I’ll never forget when we first met. You had just been removed from your mother and separated from your siblings. I was surprised to see you seemed fairly unphased, but in reality, your 5-year-old mind hadn’t fully grasped what had just happened.
The first few days with you went smoothly. I was shocked at how well you seemed to fit in. You were great with my infant daughter and enjoyed the pets in the house. You almost acted as if it was a vacation, and you would shortly return home. This is what they call the honeymoon phase.
RELATED: If You Give a Foster Family a Chicken Dinner
Then, a few weeks went by, and the trauma you had experienced prior to and during removal started to rear its ugly head. You acted out in every way possible, and who could blame you? You were dealt a terrible hand and you were angry at the world. In your mind, I was directly responsible for keeping you from your family. How were you supposed to understand that I and my husband were only trying to help? You had been taken from the only chaos you had ever known and thrown into this strangely quiet and clean environment. There were new rules and new routines, a new school and a new town. Nothing was the same, and girl, you were confused.
As first-time foster parents, and recently new parents period, we quickly realized we were not prepared to help you through your trauma and hurt.
We hung in there for as long as we could, but when things only seemed to be getting worse after several weeks, we made the hardest decision—to ask for your removal from our home. Our family had to come first. And we hated ourselves for that.
Even though we had zero control as to where you would go after leaving our home, all we could do was hope and pray that the next family would be able to do what we couldn’t—hang in there through the healing process.
RELATED: The Children in Our Hearts: A Foster Care Story
When I got the call that it was time for you to go, I began packing your things. We only had a couple of hours notice to try and explain what was happening. How do you tell a little girl who has already lost so much, that she would now be moving on again? My heart was broken. I prayed that you would forgive us and not feel rejection. You had such a sweet side, much of your behavior wasn’t even your own fault.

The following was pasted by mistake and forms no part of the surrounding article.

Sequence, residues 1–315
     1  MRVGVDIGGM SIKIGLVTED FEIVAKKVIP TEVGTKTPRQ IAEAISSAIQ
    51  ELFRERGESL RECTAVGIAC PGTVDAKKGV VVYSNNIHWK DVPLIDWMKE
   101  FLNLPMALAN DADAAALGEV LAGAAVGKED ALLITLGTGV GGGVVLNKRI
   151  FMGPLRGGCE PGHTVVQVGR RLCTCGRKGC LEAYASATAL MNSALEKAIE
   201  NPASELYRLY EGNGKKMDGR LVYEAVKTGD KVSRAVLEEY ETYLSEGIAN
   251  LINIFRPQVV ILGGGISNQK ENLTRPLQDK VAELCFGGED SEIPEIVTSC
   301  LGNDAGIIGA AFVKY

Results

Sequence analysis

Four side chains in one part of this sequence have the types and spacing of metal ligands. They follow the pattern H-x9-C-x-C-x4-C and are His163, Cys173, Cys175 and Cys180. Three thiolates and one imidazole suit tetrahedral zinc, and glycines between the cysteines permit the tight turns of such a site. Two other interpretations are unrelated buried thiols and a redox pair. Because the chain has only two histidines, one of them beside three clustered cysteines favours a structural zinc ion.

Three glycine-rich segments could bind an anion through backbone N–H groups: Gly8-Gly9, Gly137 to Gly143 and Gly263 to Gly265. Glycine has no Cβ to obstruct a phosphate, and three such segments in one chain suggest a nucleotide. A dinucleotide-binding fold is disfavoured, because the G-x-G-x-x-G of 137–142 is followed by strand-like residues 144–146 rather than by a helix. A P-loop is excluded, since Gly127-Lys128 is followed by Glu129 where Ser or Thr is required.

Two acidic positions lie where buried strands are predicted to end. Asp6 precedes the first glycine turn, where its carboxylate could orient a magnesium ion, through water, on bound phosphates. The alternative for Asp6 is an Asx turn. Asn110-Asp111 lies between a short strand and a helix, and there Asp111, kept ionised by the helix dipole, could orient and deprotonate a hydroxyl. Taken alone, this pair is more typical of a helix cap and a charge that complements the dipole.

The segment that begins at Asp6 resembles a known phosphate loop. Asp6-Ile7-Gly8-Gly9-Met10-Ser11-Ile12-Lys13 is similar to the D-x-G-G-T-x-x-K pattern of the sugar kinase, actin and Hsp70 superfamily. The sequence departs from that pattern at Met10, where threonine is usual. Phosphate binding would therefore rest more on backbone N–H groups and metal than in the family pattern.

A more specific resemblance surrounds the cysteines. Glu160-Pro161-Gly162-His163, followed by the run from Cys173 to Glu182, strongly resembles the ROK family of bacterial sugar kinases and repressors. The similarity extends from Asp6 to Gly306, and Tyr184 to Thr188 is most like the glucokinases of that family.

As you walked out that door, I gave you a hug, told you to be a good girl, and I kept a brave face. But honey, the moment you turned your back to head to the caseworker’s car, I melted into a puddle of tears. And after you left, I cried. And cried. And cried.
I had failed you. Like so many others in your life.
I tried to keep track of where you had gone. I broke the rules and sent my phone number in your things in case your new family had any questions. Much to my surprise, I got a message from your new foster mom the very same day you left. I was relieved to know where you were and that your new caregiver cared enough to inquire if you liked to sleep with a nightlight. I even got to talk to you on the phone a few times, it was painful and healing for us both all at the same time.
And then, you left that home. And you were placed into a facility. And then that facility was shut down. I have not talked to you since you left that second foster home, and I have no idea where you ended up. I blame myself, I could have avoided all of that by allowing you to stay in my home.
RELATED: Dear Foster Families, Your Love Matters
Now, my daughter is almost two, and I’ve since had another daughter. We also fostered a baby for a short time after you left. I feel like I have more experience with parenting now, I’m a better mom. I only wish I would have had that experience when you were with us. I pray you are doing well, that you feel loved and accepted wherever you may be.
And I just want you to know that I cared. I still do. I still think about you. You are loved, you are valued. Never forget that.
Your foster mom